How SAMHSA Comes Up With Its Estimate Of The Prevalence Of Substance Use Disorders For The NSDUH

"Substance use disorders (SUDs) are characterized by impairment caused by the recurrent use of alcohol or other drugs (or both), including health problems, disability, and failure to meet major responsibilities at work, school, or home. The 2021 NSDUH included a series of questions to estimate the percentage of the population aged 12 or older who had at least one SUD in the past 12 months (subsequently referred to as “an SUD” or “a past year SUD”). The SUD questions assess the presence of an SUD in the past 12 months based on criteria specified in the Diagnostic and Statistical Manual of Mental Disorders, 5th edition (DSM-5).61,62 Respondents were asked SUD questions for any alcohol or drugs they used in the 12 months prior to the survey. Drugs include marijuana, cocaine (including crack), heroin, hallucinogens, inhalants, methamphetamine, and any use of prescription stimulants, tranquilizers or sedatives (e.g., benzodiazepines), and pain relievers.18 Unlike in the section on Illicit Drug Use in the Past Year, the DSM-5 SUD criteria for prescription drugs apply to people who used but did not misuse prescription drugs in the past year, in addition to people who misused them.

"A Clinical Validation Study (CVS) was conducted in early 2020 to assess NSDUH SUD questions that were revised to be consistent with the DSM-5 criteria discussed as follows.63 For the 2021 NSDUH, the SUD questions from the CVS replaced the SUD questions in the 2020 questionnaire. Also beginning in 2021, NSDUH respondents who reported any use of prescription psychotherapeutic drugs (i.e., pain relievers, tranquilizers, stimulants, or sedatives) in the past year (i.e., not just misuse of prescription drugs) were asked the respective SUD questions for that category of prescription drugs.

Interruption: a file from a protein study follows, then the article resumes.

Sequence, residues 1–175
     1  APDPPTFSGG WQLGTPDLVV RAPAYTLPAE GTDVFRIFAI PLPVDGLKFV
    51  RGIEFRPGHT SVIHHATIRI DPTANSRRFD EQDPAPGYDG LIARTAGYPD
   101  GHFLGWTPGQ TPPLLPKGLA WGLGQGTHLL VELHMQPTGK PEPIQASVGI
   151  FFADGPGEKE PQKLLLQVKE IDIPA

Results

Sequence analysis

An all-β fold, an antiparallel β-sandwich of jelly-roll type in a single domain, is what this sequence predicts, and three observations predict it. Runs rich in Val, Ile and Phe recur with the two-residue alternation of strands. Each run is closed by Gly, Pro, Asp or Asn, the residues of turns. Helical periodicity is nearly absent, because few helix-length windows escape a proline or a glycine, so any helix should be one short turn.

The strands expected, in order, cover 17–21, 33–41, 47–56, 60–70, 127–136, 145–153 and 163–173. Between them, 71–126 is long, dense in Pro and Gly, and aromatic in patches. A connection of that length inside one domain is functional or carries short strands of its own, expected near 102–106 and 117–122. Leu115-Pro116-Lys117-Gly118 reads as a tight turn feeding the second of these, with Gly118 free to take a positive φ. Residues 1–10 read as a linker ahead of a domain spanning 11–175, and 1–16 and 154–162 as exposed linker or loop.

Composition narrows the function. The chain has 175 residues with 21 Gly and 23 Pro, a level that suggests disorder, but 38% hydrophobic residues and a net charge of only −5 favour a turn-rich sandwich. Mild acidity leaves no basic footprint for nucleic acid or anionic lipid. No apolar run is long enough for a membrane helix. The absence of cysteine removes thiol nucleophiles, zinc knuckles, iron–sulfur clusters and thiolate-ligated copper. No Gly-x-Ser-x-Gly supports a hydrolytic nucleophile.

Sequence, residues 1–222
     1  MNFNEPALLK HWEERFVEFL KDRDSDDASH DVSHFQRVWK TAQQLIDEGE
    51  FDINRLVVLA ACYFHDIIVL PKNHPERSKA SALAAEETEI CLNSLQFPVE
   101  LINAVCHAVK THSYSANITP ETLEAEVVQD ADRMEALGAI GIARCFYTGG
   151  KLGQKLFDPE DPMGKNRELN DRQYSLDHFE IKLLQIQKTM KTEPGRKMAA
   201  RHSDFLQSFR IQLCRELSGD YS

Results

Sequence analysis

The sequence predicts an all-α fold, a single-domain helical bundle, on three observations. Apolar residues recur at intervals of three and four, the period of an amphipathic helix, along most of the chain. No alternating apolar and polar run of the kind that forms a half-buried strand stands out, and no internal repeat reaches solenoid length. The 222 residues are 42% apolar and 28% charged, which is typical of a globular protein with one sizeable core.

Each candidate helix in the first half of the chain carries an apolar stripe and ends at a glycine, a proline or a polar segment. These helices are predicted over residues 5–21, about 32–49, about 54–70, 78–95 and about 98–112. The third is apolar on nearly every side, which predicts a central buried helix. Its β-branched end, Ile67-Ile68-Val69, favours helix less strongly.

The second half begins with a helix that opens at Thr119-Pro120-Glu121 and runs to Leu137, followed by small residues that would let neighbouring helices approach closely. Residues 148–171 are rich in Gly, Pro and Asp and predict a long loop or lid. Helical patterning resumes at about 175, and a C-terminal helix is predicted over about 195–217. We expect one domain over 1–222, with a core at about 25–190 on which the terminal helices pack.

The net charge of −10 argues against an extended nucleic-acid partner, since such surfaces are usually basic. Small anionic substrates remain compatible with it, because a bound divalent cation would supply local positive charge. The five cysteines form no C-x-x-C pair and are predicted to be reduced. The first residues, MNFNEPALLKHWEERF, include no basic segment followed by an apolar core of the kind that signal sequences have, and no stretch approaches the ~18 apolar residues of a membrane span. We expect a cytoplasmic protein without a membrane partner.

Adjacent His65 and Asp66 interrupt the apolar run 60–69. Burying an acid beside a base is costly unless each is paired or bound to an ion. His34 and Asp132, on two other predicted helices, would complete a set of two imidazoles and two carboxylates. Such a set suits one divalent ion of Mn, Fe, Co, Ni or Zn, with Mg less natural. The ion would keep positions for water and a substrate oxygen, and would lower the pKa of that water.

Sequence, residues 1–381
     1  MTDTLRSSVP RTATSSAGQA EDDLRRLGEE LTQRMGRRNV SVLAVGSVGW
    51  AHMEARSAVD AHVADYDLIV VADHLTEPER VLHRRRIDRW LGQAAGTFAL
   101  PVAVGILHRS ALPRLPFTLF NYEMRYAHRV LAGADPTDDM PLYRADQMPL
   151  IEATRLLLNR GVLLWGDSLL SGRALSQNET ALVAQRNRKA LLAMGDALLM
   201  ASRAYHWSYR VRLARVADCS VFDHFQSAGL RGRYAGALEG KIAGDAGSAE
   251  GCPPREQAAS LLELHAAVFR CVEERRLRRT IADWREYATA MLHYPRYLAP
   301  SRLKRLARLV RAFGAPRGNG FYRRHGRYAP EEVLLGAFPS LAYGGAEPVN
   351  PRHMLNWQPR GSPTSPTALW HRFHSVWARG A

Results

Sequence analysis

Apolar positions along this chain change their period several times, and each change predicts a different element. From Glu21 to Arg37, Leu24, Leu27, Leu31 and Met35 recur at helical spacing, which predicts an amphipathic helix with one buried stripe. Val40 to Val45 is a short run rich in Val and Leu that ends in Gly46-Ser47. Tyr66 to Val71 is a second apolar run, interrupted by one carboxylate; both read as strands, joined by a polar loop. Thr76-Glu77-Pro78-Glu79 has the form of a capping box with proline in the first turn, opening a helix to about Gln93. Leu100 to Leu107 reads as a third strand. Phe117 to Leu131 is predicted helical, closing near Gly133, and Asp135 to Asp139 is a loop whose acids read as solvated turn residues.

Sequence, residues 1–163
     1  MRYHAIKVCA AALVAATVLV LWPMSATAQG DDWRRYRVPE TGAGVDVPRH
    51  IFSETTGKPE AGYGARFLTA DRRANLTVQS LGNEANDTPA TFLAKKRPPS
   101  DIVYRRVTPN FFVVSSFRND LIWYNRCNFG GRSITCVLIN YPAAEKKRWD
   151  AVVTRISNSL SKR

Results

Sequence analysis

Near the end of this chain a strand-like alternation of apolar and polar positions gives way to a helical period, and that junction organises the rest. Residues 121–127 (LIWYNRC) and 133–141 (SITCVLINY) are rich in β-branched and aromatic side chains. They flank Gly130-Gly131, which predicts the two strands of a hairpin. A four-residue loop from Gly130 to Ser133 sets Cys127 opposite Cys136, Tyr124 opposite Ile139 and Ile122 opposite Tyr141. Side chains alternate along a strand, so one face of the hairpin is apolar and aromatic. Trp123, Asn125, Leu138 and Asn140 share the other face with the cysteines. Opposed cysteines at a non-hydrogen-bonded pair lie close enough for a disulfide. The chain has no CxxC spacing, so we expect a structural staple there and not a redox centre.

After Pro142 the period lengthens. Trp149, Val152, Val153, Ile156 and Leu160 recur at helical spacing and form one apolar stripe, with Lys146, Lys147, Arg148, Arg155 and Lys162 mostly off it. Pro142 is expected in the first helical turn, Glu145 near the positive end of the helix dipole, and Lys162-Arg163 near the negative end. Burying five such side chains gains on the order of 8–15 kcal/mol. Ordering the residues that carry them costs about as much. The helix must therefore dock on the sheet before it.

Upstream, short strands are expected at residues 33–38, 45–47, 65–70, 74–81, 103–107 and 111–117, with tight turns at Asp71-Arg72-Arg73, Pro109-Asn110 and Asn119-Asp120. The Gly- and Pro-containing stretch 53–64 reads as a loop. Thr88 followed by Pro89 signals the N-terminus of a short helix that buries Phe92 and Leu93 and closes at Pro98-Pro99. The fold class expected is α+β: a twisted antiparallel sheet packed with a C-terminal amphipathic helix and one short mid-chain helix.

"DSM-5 includes the following SUD criteria (as measured in the 2021 NSDUH):

"1. The substance is often taken in larger amounts or over a longer period than intended.

"2. There is a persistent desire or unsuccessful efforts to cut down or control substance use.

"3. A great deal of time is spent in activities necessary to obtain the substance, use the substance, or recover from its effects.

"4. There is a craving, or a strong desire or urge, to use the substance.

"5. There is recurrent substance use resulting in a failure to fulfill major role obligations at work, school, or home.

"6. There is continued substance use despite having persistent or recurrent social or interpersonal problems caused by or exacerbated by the effects of the substance.

"7. Important social, occupational, or recreational activities are given up or reduced because of substance use.

"8. There is recurrent substance use in situations in which it is physically hazardous.

"9. Substance use is continued despite knowledge of having a persistent or recurrent physical or psychological problem that is likely to have been caused or exacerbated by the substance.

"10. There is a need for markedly increased amounts of the substance to achieve intoxication or the desired effect, or markedly diminished effect with continued use of the same amount of the substance (i.e., tolerance).

"11. There are two components of withdrawal symptoms, either of which meet the overall criterion for withdrawal symptoms:
"a. There is a required number of withdrawal symptoms that occur when substance use is cut back or stopped following a period of prolonged use.64
"b. The substance or a related substance is used to get over or avoid withdrawal symptoms.65"


Substance Abuse and Mental Health Services Administration. (2022). Key substance use and mental health indicators in the United States: Results from the 2021 National Survey on Drug Use and Health (HHS Publication No. PEP22-07-01-005, NSDUH Series H-57). Center for Behavioral Health Statistics and Quality, Substance Abuse and Mental Health Services Administration.